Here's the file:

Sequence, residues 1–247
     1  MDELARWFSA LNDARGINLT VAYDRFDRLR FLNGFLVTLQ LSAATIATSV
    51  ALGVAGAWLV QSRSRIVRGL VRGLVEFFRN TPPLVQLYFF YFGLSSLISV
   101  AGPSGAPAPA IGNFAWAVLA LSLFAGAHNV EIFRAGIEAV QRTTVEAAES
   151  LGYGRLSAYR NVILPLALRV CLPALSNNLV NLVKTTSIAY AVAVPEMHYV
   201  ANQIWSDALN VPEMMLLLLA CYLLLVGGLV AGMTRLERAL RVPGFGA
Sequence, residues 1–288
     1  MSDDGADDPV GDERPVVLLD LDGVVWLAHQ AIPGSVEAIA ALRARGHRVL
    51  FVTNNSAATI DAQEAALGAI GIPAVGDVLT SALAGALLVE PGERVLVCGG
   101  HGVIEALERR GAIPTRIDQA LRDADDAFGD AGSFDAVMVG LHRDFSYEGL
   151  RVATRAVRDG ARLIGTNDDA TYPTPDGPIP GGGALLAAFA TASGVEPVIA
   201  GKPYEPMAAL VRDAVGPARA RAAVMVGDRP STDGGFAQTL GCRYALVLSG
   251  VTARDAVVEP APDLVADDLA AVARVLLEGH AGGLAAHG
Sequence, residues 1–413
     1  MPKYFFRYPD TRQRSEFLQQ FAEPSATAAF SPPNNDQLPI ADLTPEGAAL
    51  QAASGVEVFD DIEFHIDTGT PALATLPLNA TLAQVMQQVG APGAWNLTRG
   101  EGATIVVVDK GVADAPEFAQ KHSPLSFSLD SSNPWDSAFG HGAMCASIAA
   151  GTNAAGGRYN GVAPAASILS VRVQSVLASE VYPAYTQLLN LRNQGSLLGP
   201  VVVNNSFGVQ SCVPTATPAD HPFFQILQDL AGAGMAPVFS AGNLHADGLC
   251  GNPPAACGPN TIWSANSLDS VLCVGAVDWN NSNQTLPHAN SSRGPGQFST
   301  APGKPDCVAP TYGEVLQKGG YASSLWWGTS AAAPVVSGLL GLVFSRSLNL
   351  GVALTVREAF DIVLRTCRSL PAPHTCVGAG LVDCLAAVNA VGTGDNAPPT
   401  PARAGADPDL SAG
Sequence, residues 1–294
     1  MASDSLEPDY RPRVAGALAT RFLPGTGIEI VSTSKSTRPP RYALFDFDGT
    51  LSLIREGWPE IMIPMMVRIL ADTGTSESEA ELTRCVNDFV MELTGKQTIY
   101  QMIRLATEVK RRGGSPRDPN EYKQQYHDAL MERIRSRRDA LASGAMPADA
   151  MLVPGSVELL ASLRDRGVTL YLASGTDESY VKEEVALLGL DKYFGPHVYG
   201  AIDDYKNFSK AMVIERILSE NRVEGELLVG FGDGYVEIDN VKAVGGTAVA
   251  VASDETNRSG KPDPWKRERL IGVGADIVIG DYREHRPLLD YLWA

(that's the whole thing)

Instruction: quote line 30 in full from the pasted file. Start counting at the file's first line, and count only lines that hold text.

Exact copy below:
   251  VASDETNRSG KPDPWKRERL IGVGADIVIG DYREHRPLLD YLWA